When to choose a passive radiator over a vent

From my experience so far, there are three scenarios where it would be benefitial to design around a passive radiator:

  1. When shrinking a subwoofer enclosure (and therefore the port diameter), chuffing may occur when the air velocity out of the port approaches 5% the speed of sound.
  2. When designing small enclosures where space is at a premium, enclosure volume is taken up by the comparatively voluminous port.
  3. It's neat.

Like when deciding whether or not to select a sealed or vented enclosure, passive radiators will typically only introduce beneficial effects when the specified driver has a Qts between 0.2 and 0.5. A driver with a Qts above 0.4 would most likely do best in a sealed enclosure.

How to choose and tune a passive radiator

The process begins with choosing a driver, then designing and tuning a vented enclosure. Next, follow the step-by-step procedure below:

  1. Choose a passive radiator with an Sd between 1.5 and 2.0 times as large as the Sd of the driver. Alternatively, you can also select a passive radiator with a Vd twice the Vd of the driver.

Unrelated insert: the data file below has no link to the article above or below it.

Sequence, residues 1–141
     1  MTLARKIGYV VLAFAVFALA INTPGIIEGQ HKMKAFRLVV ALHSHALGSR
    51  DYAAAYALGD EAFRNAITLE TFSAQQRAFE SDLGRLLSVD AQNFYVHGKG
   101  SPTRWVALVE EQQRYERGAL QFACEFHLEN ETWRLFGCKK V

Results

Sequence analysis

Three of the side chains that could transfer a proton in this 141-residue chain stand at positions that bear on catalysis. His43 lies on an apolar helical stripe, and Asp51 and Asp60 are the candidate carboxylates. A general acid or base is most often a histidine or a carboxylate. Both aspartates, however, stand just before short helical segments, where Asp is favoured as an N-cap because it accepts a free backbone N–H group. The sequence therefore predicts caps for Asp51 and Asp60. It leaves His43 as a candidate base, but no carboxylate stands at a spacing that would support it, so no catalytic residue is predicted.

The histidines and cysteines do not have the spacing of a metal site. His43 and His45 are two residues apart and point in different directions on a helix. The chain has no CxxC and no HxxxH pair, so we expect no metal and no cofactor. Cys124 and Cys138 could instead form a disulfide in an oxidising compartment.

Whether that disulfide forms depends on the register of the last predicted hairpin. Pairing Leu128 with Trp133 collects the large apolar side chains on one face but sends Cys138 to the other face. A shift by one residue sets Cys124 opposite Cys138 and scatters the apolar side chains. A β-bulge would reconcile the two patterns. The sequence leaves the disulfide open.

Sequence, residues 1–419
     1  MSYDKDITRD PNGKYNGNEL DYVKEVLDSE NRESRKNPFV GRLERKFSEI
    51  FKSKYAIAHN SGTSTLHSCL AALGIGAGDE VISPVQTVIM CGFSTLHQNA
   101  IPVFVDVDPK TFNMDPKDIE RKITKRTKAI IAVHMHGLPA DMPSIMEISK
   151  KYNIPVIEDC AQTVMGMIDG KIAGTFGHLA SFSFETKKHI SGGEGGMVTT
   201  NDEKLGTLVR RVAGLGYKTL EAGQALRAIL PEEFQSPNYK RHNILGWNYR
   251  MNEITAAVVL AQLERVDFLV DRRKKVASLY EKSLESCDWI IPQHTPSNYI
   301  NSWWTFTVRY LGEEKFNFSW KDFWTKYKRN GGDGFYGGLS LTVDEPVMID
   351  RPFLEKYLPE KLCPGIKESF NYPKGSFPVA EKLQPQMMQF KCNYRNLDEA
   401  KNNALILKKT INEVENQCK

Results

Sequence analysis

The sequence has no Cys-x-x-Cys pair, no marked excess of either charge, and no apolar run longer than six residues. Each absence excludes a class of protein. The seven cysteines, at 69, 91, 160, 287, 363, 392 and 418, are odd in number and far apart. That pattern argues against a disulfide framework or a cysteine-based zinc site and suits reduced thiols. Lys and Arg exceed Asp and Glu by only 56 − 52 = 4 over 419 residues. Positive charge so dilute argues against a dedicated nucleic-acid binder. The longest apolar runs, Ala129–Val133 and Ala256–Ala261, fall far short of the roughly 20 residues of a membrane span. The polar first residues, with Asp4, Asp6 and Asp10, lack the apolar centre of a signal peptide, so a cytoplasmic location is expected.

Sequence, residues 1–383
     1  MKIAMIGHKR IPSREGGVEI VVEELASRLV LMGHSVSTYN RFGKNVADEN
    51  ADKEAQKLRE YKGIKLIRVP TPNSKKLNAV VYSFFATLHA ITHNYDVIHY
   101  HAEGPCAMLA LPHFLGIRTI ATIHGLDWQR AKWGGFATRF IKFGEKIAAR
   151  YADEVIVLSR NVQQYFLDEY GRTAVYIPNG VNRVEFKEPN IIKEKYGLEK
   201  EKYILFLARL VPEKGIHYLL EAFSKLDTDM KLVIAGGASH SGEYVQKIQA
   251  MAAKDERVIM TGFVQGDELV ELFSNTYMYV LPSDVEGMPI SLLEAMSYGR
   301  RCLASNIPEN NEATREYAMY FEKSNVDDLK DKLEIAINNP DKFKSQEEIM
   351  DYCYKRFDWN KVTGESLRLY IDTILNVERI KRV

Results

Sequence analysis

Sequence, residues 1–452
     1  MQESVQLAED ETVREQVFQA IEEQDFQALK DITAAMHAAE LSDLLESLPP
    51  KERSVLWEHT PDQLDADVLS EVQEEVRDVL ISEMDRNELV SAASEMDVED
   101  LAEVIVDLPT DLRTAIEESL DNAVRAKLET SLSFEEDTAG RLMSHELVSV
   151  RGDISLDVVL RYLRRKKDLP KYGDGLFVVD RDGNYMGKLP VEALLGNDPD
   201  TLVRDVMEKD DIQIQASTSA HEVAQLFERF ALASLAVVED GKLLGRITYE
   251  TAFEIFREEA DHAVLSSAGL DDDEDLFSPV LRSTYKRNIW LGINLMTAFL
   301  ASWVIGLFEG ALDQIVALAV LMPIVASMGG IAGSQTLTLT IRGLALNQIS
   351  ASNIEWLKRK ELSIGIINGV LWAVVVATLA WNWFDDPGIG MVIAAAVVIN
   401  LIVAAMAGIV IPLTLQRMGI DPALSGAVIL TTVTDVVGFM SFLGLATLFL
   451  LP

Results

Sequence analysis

Vd = Sd * Xmax
    In addition, it is commonly seen in many designs that implement passive radiators to use a duplicate of the woofer and just leave the terminal disconnected.
  2. In WinISD, replace the port diameter with the Sd of the passive radiator. Note the new port length is very long.
  3. Calculate the volume of air this "port" would take up.
    V = pi * (Sd/2)^2 * length (m^3)
  4. Calculate the mass of this volume of air.
    M = V * 1.21 (kg)
    If this mass is lower than the Mms of the passive radiator, a different one will have to be chosen with either a smaller Mms or a larger Sd, or make the enclosure volume smaller.
    If this mass is higher than the Mms of the passive radiator, congrats, you're almost done! All you have to do is add the difference between the calculated mass of air and the Mms to the passive radiator itself.

Design Example: Dayton Audio DC200-8